Implications of the Savings and Loan Debacle: Lessons for the Banking Industry
Reinstein, Alan, Steih, Paul W., Review of Business
Congress and the White House enacted the Federal Deposit Insurance Company (FDIC) Improvement Act of 1991 to overhaul the banking industry. Key provisions of this Act include having federal regulatory agencies establish managerial, operational and financial standards for insured depository institutions. The managerial and operational standards require that all federally insured banks have adequate internal accounting controls (i.e. to prevent, detect and minimize the potential for fraudulent transactions); appropriate underwriting standards for issuing and monitoring loan portfolios; and reasonable compensation (banning them from overpaying their officers and directors).
Financial standards require certain minimum capital ratios; earnings levels sufficient to absorb losses without impairing capital; and minimum market to book value ratios for the institutions capital stock. Based upon these financial standards, regulatory agencies will classify FDIC-insured financial institutions into five categories:
a. Well capitalized (where few problems seem to exist);
b. Adequately capitalized (where regulatory approval is needed to obtain brokered deposits);
c. Undercapitalized (where regulators must approve a capital restoration plan);
d. Significantly undercapitalized (where regulators can restrict financial operations, replace officers and directors and require divestiture of the institution, affiliate or subsidiary); and
e. Critically undercapitalized defined by law as tangible equity ratio below 2%) (where regulators must require the institution to prepare for conservatorship within 90 days of it becoming critically undercapitalized).
With the initial implementation now complete, we have seen that these laudable concepts may be too restrictive in some areas and yet not go far enough to avert a banking industry debacle similar to that in the thrift industry, where U.S. taxpayers are projected to have lost almost half a trillion dollars. Management, depositors and United States taxpayers must act to ensure that the problems of the thrift industry do not recur in the banking industry. The purpose of this study is to outline the thrift industry crisis, the resulting government regulation and discuss how to avert its recurrence in the banking industry.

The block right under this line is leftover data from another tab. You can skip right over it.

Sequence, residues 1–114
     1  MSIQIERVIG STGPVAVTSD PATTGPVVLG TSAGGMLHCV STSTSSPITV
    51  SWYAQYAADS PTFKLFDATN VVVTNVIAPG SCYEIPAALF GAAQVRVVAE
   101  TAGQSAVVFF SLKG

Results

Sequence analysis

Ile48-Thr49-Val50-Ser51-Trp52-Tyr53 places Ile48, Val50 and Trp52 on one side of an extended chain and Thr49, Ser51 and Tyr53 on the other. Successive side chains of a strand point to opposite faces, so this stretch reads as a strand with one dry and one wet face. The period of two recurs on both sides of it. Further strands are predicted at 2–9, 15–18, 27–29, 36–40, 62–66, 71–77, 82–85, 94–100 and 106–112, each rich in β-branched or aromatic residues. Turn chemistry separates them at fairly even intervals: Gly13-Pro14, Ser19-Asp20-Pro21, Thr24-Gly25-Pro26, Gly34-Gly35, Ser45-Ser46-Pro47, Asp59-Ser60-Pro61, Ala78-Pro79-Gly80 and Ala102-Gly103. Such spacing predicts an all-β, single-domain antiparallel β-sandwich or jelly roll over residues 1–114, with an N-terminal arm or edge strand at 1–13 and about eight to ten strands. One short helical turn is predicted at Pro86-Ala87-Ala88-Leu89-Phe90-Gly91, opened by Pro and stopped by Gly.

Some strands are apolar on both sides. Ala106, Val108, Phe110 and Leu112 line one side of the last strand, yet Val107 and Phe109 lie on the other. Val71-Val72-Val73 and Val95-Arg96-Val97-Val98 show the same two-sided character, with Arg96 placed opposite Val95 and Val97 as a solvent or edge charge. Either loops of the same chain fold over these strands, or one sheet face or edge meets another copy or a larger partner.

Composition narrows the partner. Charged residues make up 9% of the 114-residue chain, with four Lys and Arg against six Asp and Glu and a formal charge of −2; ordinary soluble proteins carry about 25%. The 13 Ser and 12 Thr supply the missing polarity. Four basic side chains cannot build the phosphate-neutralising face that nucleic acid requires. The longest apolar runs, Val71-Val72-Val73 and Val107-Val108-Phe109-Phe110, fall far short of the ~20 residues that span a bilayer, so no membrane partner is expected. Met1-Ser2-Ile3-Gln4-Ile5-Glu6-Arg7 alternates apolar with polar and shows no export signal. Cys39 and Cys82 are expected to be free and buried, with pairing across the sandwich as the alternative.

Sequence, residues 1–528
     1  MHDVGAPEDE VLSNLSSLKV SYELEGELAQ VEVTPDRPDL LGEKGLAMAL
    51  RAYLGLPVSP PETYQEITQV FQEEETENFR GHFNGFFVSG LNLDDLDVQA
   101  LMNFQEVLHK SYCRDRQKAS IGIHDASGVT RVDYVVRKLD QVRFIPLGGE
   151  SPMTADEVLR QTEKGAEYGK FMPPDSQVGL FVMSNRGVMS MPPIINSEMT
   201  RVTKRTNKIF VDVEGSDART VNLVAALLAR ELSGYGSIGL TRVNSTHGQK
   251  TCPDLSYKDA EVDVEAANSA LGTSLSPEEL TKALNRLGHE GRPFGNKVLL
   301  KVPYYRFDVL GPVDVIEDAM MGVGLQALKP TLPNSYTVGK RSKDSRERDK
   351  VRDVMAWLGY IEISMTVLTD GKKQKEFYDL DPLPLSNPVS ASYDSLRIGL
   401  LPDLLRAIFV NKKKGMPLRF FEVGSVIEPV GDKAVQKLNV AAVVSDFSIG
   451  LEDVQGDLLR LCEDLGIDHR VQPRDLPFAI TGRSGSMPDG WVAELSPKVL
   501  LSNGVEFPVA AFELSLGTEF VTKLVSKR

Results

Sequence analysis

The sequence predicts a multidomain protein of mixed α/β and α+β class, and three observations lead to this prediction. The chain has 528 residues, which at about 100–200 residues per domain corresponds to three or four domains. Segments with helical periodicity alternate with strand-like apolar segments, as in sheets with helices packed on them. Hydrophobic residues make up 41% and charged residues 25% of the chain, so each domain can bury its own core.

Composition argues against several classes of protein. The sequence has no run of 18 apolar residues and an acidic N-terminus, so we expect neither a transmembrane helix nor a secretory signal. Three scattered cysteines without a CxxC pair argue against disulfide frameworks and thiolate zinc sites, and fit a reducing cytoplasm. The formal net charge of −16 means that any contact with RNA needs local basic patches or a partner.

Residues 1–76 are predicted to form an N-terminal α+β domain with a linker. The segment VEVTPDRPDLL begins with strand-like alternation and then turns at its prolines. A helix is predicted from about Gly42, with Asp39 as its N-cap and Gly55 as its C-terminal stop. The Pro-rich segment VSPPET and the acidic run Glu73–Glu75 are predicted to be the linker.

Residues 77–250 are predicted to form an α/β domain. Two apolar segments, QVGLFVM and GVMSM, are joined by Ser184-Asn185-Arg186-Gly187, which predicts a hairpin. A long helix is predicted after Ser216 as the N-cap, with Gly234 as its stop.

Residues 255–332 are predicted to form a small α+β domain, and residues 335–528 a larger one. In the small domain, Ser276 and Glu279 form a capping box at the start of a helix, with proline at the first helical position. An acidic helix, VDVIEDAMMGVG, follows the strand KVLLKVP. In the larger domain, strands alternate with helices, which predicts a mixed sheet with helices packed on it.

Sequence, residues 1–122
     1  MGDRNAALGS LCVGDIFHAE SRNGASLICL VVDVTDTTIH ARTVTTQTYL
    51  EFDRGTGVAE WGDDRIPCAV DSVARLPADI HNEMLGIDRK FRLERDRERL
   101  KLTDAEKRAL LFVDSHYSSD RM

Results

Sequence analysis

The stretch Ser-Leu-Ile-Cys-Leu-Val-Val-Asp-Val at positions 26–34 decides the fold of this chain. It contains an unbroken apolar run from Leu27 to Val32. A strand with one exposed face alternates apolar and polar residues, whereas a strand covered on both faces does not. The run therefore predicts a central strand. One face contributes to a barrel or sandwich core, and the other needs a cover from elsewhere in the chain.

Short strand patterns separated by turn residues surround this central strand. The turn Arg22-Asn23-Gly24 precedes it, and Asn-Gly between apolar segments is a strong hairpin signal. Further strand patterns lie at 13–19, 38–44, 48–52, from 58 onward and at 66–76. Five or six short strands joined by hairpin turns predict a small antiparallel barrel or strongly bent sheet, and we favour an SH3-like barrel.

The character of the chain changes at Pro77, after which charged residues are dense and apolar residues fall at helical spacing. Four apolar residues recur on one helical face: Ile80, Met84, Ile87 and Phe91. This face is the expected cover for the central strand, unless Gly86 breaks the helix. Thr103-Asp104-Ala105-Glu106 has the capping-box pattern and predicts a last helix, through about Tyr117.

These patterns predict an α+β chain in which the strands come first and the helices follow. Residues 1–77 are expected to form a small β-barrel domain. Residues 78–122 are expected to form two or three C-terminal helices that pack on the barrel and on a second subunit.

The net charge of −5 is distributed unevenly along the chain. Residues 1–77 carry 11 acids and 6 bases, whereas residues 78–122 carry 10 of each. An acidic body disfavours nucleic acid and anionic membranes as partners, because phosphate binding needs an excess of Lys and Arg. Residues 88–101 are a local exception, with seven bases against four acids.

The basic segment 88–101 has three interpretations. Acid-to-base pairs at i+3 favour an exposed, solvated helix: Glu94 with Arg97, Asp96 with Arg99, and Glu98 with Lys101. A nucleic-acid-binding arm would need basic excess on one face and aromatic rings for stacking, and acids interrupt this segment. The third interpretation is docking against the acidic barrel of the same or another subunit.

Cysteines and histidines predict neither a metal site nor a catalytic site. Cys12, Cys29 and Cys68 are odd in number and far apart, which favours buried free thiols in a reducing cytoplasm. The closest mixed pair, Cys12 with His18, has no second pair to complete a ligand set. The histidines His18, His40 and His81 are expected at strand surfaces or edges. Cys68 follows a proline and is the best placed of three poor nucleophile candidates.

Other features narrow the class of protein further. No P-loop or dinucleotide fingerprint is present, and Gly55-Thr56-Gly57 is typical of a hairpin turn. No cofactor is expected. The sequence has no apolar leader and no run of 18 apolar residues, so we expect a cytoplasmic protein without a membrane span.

Background of the Thrift industry Crisis
Many thrift executives, accountants and attorneys facing severe civil and criminal penalties for not adhering to their professions' standards have assumed much of the blame for the thrift industry debacle [e.g., Wayne, 1989]. However, the U.S. government, which deregulated the thrift industry, increased the insurance levels provided on thrift deposits and "encouraged" thrifts to make risky, high yield investments with depositors' money, is at least as culpable for this recent crisis. Through deregulation, the government significantly reduced the thrifts minimum capital requirements, expanded the types of assets allowed to comprise the institution's equity structure, allowed nonresidential real estate and consumer loans to comprise up to 70 percent of thrifts loan portfolios -- where they had been restricted previously to the less volatile residential home mortgage market, and permitted accounting rules to not portray accurately this vast erosion of value.
Deregulation and the Emerging Fairy Tale -- In 1980 and 1982, Congress deregulated the thrift industry [Cairs, 19911. Interest rate caps were lifted, deposit insurance levels increased, and accordingly, thrift institutions became more aggressive in their investments. This partial deregulation of the thrift industry encouraged higher risk investments with potentially higher rewards. Real estate and business investors capitalized on the newly deregulated industry to make business investments using only three percent of their own capital; the government provided the other 97 percent and guaranteed depositors the return of their money. …